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Last of the summer beer - 22/7/2013 11:51:45 AM   
chief brody

 

Posts: 12
Joined: 30/12/2005
A near faultless first hour gives way to an inevitable slide into a fully "WTF!" third act, which is a shame because I could have spent hours listening to these five on their epic crawl. If Wright, Pegg and Frost are to part ways, then let's have one more for the road where it's the characters getting mashed and not the genres! Overall then, The World's End has a five star start and a two star finish.

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Post #: 31
Last of the summer beer - 22/7/2013 11:51:48 AM   
chief brody

 

Posts: 12
Joined: 30/12/2005
A near faultless first hour gives way to an inevitable slide into a fully "WTF!" third act, which is a shame because I could have spent hours listening to these five on their epic crawl. If Wright, Pegg and Frost are to part ways, then let's have one more for the road where it's the characters getting mashed and not the genres! Overall then, The World's End has a five star start and a two star finish.

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Post #: 32
Like Babylon 5 - 22/7/2013 7:29:31 PM   
DextersLab

 

Posts: 16
Joined: 19/2/2013
So disappointed. Didn't feel remotely like the same guys that did Shawn, Fuzz and Spaced.

The Good
One or two good action scenes (especially the first toilet one), including the review-mentioned "pint one".
Only Paddy Considine's character seemed to get remotely more interesting or likeable.
Rosamund Pike was quite engaging, for all of the 10 minutes you see of her.
Special Effects - liked the bad guys 'glow' effect, used quite well, and the work in the fight scenes deserves a mention

The Bad
Direction seemed off - really slow start, and what the hell was he thinking with the whole ending part?
Music choices were just distracting (from the very first moment) and the reference to the Rolling Stones was just forced.
Supporting character's all boring/unlikeable/boring and unlikeable (Dalton owns Brosnan in every way)

The Ugly
Simon Pegg & Nick Frost's characters - utterly unlikeable throughout, getting worse! (Pegg), understandably pissed off and angry (Frost) are not enagaging character's to follow or care about, and they don't grow, or change (is that the point of the movie?)
Simon Pegg's speech at the end
The ending
The fact they seemingly left everything cool about Shaun and Fuzz by the wayside, but didn't replace it with anything fun or funny

Someone tell me why I'm wrong please, cause I would love to be wrong!

Edit - some of the pub discussions (other reviewers have mentioned) were class, was maybe a bit harsh - will defo need to rewatch, but for the moment (2/5)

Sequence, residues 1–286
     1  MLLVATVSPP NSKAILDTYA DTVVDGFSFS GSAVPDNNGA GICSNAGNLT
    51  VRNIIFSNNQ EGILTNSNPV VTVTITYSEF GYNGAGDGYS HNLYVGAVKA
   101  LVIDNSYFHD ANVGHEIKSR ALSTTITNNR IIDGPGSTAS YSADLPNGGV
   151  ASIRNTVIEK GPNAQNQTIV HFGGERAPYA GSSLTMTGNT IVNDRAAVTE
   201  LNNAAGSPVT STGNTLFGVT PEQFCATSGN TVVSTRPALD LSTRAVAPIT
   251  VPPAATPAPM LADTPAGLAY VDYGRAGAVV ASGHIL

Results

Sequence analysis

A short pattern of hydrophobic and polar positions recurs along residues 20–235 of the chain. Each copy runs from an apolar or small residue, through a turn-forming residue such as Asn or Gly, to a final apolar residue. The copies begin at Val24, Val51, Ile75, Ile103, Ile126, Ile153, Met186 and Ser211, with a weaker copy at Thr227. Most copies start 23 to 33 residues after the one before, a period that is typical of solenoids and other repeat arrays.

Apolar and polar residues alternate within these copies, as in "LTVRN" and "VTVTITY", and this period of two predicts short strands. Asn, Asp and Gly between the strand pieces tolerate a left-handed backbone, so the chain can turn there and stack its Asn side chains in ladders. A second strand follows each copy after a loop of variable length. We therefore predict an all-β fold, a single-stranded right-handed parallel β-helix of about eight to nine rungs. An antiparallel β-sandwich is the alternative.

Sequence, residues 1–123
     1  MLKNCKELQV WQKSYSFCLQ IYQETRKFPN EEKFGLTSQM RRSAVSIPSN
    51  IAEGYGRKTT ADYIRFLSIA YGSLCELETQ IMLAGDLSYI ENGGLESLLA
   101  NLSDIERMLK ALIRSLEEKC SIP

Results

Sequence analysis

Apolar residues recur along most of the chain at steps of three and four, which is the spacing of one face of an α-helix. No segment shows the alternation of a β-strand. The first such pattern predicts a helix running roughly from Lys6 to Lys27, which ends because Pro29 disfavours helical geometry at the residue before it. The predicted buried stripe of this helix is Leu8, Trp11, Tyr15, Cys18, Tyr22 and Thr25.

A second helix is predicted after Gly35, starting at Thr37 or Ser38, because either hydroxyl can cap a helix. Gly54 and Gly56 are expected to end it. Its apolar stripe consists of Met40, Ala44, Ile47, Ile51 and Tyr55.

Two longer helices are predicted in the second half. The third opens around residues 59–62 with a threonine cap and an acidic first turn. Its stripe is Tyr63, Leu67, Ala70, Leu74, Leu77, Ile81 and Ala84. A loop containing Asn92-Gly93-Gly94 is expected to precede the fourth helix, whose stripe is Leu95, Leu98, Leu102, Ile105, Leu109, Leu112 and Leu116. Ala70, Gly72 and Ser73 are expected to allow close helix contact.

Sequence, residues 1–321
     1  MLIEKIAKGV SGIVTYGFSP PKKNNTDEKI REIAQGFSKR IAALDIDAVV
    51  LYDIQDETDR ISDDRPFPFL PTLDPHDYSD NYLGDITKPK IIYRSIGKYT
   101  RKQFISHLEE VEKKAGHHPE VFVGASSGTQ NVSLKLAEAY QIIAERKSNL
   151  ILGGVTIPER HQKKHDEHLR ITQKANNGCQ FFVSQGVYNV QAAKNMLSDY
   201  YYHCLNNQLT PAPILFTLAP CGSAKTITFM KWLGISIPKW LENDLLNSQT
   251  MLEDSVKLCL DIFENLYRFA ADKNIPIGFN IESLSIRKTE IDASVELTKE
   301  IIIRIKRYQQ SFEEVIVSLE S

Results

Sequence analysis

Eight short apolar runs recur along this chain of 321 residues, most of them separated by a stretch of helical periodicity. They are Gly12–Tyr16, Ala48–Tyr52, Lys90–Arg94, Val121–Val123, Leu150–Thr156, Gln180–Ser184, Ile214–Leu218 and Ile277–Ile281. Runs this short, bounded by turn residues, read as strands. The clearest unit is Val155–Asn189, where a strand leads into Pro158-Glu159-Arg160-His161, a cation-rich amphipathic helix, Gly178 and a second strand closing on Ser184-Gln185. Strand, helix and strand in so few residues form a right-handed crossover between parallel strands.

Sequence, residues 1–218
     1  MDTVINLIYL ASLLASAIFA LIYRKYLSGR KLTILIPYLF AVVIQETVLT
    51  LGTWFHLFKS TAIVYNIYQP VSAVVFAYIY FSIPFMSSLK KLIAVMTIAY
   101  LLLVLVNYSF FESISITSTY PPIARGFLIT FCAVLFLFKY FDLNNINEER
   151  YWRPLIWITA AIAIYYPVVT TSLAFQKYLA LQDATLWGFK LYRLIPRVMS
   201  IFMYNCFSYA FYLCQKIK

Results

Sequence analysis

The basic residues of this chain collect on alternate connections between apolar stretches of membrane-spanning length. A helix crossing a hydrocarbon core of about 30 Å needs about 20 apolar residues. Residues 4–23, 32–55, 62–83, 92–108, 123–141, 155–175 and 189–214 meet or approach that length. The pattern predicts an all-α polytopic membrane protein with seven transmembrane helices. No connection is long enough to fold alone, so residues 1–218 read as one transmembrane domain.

< Message edited by DextersLab -- 22/7/2013 7:42:07 PM >

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Post #: 33
RE: Like Babylon 5 - 22/7/2013 8:58:26 PM   
Dr Lenera

 

Posts: 3819
Joined: 19/10/2005
Gary King is a late 30-something obsessed with a legendary night - 20 years ago - in which he led a gang of mates through the trim streets of Newton Haven to attempt a 12-pint pub crawl. That night whited out before they reached the final boozer, the fabled pub The World’s End. Now he wants to he and his old mates to give ‘The Golden Mile’ another go. They have all moved on, and take some convincing, but the mission begins nonetheless. Unfortunately, things are immediately made awkward by one of the group deciding to just drink water, the arrival of the girl that one stole from another in the group, and very unreceptive locals.....



Well call me one person who was not really looking forward to this third part of Edgar Wright’s loosely connected Cornetto trilogy. It’s not because Shaun Of The Dead was poor. It wasn’t poor, in fact it was very good, immensely fun, rather warm and a better zombie film than most since, though nowhere near the Third Best Comedy film ever which I remember a stupid poll on Channel 4 voting it as [they also voted Star Wars/The Empire Strikes Back together as the Best Film Ever]. It wasn’t because Hot Fuzz was poor, in fact that cop comedy was pretty good, and actually funnier than the previous picture,even though it definitely suffered from packing too much into it. No , it was because after that Wright decided to make the atrocious Scott Pilgrim Vs The World, a tedious tribute to computer games with some of the most cringe-inducing moments in ages which constantly shouted at you: "look how cool I am”. It didn’t actually star Simon Pegg and Nick Frost unlike the other two films, but they hardly fared well elsewhere, appearing together in the shoddy Paul, as lazy and boring a comedy as they come.